By Jane Morse
IIP Staff Writer
16 January 2014
Muslim and Christian leaders in the United States and Africa are searching for ways to work together to promote peace and reconciliation in the Central African Republic (CAR), a country now devastated by sectarian violence.
U.S. Special Envoy to the Organization of Islamic Cooperation Rashad Hussain hosted an interreligious dialogue on January 7. It brought together via an online video conference from Bangui Archbishop of Bangui Dieudonné Nzapalainga; Imam Omar Cabinelayama, president of the CAR National Islamic Association; the Reverend Nicolas Geurekoyame, president of the CAR Evangelical Association; and Catherine Samapanza, mayor of Bangui.
They shared their ideas with their U.S. counterparts: Steve Hilbert, foreign policy adviser for Africa and global development at the U.S. Conference of Catholic Bishops, and Mohamed Magid, president of the Islamic Society of North America.
Speaking through a French interpreter, Geurekoyame said the CAR Evangelical Association is trying to explain to church members that “this conflict is not religious, but instead it is fundamentally a political conflict.”
Cabinelayama said there is an urgent need to provide training to mediators engaged in reconciliation work. He called for teaching materials to help carry out this work.
Magid offered the services of the Islamic Society of North America — one of the largest Muslim organizations in North America — to engage religious groups in the CAR, its neighboring countries and the United States to help foster “healing and hope.” Hilbert noted that Catholic Relief Services, the official international humanitarian agency of the Catholic community in the United States, is already in the country working with youth to attenuate mistrust between Muslims and Christians.
Hussain said the 7 million people that make up the Muslim community in the United States “have worked to stand for justice when the rights of others are threatened.”
“The United States recognizes and greatly appreciates your efforts in promoting peace in the Central African Republic,” he told videoconference participants. “In addition to providing humanitarian assistance and support for the security efforts in CAR, we [the United States] are also promoting conflict mitigation and reconciliation efforts.”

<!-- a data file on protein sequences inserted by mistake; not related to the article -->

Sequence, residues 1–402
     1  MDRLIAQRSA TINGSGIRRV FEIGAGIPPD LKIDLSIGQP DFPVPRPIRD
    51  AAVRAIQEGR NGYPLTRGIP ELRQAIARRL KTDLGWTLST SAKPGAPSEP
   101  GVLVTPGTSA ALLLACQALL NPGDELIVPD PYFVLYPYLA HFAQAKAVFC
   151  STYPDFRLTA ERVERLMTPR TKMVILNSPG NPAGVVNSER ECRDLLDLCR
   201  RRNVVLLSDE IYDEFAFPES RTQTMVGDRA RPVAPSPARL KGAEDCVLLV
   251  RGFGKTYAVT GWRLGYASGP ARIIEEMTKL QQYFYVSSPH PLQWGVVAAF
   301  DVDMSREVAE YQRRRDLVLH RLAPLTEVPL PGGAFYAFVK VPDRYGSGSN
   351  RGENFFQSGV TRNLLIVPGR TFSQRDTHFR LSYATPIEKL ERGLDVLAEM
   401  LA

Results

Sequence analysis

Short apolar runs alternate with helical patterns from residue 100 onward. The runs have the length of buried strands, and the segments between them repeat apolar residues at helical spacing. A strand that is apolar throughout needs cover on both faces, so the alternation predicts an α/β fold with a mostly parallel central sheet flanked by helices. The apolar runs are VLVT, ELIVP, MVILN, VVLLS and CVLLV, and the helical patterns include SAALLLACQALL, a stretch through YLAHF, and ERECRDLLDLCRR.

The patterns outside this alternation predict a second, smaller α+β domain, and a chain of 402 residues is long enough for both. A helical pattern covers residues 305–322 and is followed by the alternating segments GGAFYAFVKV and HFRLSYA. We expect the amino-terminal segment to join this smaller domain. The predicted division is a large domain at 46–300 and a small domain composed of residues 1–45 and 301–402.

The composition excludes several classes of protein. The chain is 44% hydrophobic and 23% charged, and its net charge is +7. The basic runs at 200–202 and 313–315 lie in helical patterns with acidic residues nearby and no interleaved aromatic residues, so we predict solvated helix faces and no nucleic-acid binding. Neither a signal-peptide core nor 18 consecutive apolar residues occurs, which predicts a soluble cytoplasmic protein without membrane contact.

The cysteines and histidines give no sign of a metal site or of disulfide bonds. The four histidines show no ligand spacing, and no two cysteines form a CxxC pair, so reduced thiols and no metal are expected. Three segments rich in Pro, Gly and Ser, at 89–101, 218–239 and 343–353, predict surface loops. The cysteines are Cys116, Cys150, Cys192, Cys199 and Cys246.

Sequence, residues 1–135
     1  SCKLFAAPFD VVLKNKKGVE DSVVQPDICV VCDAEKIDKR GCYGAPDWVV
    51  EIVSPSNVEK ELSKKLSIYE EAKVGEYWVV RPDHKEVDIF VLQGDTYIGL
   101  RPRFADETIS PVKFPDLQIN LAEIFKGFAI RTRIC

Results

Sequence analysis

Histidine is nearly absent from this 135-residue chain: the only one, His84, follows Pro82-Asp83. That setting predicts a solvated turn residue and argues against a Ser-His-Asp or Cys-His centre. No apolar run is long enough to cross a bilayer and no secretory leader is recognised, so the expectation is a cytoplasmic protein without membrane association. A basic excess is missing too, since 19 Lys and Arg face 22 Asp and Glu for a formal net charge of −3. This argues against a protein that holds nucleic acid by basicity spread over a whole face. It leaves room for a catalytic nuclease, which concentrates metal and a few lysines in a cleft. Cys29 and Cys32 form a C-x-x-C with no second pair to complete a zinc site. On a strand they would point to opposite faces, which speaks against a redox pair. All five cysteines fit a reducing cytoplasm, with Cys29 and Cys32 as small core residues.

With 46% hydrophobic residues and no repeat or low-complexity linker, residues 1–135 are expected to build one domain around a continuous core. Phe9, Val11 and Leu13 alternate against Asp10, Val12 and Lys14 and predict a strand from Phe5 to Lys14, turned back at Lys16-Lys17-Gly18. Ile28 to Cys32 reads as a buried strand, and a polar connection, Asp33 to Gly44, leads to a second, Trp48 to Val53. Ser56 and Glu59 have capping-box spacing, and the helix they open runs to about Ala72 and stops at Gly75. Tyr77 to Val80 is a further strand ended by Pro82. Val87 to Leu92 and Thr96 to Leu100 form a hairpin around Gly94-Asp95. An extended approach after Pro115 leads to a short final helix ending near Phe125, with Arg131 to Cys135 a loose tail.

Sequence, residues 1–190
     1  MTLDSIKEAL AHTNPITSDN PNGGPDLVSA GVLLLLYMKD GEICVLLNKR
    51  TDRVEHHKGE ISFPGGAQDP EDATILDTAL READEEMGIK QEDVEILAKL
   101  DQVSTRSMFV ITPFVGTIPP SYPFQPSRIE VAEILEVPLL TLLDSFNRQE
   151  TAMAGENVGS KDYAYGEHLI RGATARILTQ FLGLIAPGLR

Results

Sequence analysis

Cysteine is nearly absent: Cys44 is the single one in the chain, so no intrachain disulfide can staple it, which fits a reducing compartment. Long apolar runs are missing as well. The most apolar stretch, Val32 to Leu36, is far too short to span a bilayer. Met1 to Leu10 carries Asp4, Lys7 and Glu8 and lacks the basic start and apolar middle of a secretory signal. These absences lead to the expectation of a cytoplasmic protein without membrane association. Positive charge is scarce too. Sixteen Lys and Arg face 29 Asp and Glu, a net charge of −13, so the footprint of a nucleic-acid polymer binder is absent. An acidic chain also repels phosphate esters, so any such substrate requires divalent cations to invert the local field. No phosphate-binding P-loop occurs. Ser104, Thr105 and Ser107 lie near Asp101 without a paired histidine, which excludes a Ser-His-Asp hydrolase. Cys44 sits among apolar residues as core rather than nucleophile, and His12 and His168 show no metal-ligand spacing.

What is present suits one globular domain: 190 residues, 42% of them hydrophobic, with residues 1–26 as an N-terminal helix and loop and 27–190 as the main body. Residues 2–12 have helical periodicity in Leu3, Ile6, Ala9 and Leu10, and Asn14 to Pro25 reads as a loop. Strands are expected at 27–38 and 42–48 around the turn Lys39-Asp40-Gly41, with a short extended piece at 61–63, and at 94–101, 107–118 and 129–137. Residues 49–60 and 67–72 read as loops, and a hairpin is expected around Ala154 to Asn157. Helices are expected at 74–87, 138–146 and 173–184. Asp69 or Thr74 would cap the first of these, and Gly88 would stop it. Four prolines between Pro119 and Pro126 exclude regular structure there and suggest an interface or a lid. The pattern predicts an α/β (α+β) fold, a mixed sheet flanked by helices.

President Obama spoke directly to the people of the CAR in an audio message released December 9, 2013, to underscore the importance of reconciliation between its people.
According to a White House fact sheet released December 5, 2013, the United States will provide the CAR with the following assistance:
• Subject to congressional notification, nearly $7.5 million to support conflict mitigation, reconciliation and peacebuilding, including interreligious peacebuilding efforts and the use of community radio to amplify peace messages and dispel rumors.
• $125,000 in funding from the U.S. State Department to create a network of local community and interfaith religious leaders to promote peace, conflict mitigation and reconciliation efforts.
Sectarian violence and a retaliatory cycle of killing are of serious concern to the international community, which fears the political instability in the CAR may increase bloodshed in the country and spread extremism throughout the region.
According to the U.N. Office for the Coordination of Humanitarian Affairs, as of December 9, 2013, one in 10 Central Africans — 533,000 people — had fled their homes, and one in five — 1.1 million people — did not have enough food to eat. On November 26, 2013, United Nations Deputy Secretary-General Jan Eliasson said the CAR is “descending into complete chaos before our eyes” and presents a “profoundly important test to our international solidarity and our responsibility to prevent atrocities.”
In testimony delivered December 17, 2013, before the U.S. Senate Subcommittee on Africa, Earl Gast, assistant administrator for the U.S. Agency for International Development, said Christians and Muslims have a history of peaceful relations in the CAR, but “the roots of conflict are in an imbalance of power, resources and governance.” The escalating violence, Gast said, is taking “a dangerous new turn toward deliberate attacks against civilian communities along religious lines.”
The United States is working with partners “to find a balance between expanding assistance into conflict areas and reducing the risk to humanitarian actors and beneficiaries,” he said.